A few moments ago, Cardinal Jorge Mario Bergoglio of Argentina was elected Pope, becoming the first pontiff from the Americas, and taking the name Pope Francis I. When breaking news like this is happens, I often turn to shortwave radio to hear it "from the source;" what better station for news about the Papal elections than Vatican Radio? Right?
Hm. When I turned to Vatican Radio on 13.765 MHZ at 20:00 UTC today, here is what I heard:
After a little music and announcement confusion--including what sounds like at least three audio feeds coming in at once--Vatican Radio settles on an announcement program which states, in several languages, "Vatican Radio's programming schedule is currently being modified to cover the election of the new Pope."
It wasn't until thirty minutes later (20:30 UTC), when the Vatican Radio service to Africa started in French on 11.625 MHz, that I heard any substantive news about the new Pope:
Of course, I can find information about the new Pope from any one of two million different online sources, but it did surprise me that Vatican Radio wasn't better prepared for this event. I even wondered if there was a different broadcast running on a consecutive frequency, so I checked; all were identical, however.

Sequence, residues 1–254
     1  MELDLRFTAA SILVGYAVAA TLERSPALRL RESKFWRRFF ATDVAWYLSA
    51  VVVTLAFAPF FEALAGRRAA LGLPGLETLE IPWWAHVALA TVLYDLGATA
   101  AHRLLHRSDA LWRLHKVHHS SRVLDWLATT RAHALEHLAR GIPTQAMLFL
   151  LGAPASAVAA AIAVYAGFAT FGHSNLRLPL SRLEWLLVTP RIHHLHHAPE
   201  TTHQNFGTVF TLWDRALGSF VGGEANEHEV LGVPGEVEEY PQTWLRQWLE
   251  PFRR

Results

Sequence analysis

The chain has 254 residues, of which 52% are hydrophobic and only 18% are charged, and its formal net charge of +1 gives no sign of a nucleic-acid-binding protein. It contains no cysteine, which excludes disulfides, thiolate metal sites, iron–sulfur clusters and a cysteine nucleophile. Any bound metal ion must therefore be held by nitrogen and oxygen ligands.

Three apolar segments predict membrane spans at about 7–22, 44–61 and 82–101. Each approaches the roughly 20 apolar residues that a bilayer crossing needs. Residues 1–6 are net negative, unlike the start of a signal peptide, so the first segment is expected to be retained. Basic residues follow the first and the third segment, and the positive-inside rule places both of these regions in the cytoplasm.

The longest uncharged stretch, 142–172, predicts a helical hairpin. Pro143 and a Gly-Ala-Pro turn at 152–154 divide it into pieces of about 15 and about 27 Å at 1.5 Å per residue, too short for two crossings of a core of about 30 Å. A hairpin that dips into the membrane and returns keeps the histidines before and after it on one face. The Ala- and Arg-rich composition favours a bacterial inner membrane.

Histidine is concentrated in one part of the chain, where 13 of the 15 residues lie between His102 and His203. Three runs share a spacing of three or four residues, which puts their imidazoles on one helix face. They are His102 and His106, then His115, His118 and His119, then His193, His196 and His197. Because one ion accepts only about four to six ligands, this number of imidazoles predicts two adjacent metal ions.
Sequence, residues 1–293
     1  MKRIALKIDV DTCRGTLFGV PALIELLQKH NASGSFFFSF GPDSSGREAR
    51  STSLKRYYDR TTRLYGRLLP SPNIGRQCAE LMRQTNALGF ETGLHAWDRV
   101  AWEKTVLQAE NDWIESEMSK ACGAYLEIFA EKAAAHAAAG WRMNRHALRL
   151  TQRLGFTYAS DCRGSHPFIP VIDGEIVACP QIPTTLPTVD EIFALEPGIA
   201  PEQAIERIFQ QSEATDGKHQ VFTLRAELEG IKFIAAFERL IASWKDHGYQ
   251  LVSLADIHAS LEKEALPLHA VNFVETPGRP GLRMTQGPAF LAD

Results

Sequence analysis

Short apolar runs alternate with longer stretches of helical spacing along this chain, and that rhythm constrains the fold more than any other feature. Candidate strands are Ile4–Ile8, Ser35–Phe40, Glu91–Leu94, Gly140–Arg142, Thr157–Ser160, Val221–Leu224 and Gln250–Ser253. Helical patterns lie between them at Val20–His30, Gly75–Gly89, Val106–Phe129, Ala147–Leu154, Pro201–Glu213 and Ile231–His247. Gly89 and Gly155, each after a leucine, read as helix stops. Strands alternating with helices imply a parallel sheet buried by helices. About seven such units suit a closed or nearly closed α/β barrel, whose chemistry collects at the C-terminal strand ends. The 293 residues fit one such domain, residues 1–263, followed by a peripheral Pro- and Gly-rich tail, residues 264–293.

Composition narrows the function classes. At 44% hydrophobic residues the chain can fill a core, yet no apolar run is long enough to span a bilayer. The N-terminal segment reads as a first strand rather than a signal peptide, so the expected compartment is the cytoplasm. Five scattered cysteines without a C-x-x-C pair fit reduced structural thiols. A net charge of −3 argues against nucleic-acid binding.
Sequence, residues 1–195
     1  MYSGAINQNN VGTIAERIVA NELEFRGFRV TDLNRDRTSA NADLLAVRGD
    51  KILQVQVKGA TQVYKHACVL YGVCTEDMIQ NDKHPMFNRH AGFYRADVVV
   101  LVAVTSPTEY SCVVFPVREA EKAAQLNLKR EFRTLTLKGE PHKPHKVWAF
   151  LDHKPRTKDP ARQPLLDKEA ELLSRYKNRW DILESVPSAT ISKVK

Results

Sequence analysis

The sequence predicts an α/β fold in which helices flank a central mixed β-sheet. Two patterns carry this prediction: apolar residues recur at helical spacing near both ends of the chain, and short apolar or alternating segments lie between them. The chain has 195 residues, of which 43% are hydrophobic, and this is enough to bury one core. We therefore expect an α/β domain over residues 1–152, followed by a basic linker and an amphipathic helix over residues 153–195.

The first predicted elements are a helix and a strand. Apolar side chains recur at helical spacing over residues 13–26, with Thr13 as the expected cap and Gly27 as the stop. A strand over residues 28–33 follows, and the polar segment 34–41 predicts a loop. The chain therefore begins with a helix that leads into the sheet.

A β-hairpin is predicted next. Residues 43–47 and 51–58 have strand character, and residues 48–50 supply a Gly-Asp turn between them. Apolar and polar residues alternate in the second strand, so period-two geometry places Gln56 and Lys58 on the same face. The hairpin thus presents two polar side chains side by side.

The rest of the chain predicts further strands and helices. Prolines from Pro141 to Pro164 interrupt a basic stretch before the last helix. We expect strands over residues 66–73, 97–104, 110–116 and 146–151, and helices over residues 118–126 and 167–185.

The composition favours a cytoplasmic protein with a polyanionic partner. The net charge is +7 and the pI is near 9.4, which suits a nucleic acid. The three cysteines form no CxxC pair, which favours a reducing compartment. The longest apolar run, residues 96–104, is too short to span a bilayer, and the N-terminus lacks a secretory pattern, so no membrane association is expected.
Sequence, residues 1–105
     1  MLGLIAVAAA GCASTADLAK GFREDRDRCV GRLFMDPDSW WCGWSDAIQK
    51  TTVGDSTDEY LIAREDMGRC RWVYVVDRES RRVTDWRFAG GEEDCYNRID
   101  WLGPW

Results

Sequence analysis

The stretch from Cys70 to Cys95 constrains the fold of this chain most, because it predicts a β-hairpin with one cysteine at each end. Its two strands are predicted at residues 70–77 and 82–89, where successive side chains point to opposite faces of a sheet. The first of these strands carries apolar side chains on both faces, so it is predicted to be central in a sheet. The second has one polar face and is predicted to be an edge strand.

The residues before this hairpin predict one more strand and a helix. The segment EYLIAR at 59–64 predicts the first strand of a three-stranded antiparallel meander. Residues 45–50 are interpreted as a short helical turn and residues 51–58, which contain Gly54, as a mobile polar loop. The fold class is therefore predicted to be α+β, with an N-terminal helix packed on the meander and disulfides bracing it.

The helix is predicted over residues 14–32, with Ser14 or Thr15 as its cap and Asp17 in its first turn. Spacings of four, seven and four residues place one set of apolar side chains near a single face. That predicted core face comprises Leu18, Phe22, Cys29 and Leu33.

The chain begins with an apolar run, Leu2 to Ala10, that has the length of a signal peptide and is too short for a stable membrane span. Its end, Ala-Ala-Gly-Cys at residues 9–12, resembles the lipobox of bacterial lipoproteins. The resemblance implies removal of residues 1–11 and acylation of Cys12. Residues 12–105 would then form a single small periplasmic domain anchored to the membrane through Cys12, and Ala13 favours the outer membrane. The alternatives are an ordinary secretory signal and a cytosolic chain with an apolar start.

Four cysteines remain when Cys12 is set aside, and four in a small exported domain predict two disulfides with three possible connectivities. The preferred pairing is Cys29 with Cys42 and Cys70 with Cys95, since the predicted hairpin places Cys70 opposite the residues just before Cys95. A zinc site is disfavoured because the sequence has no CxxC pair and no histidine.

Still, the radio archivist in me can't help but experience some appreciation of the confusion on the airwaves. After all, this is a genuine piece of radio history and a fascinating thirty minutes of audio in the wake of a big decision.
In my mind, I envision the Vatican Radio staff frantically stirring to assemble news--for which they had no advance notice--regarding the new Pope. No doubt, the CNNs, BBCs, and Al Jazeeras of the world had pre-prepared material on each of the papal candidates. When the white plume of smoke announcing the election was first spotted, these broadcasters were likely more than ready to pull out the appropriate material and publish.
Perhaps this is not how Vatican Radio usually operates. Indeed, I suspect their live feed of events experienced a technical difficulty which they have, no doubt, since resolved. And for what it's worth, their website was appropriately up-to-date.
History: sometimes bumpy, but always fascinating. Especially on the airwaves.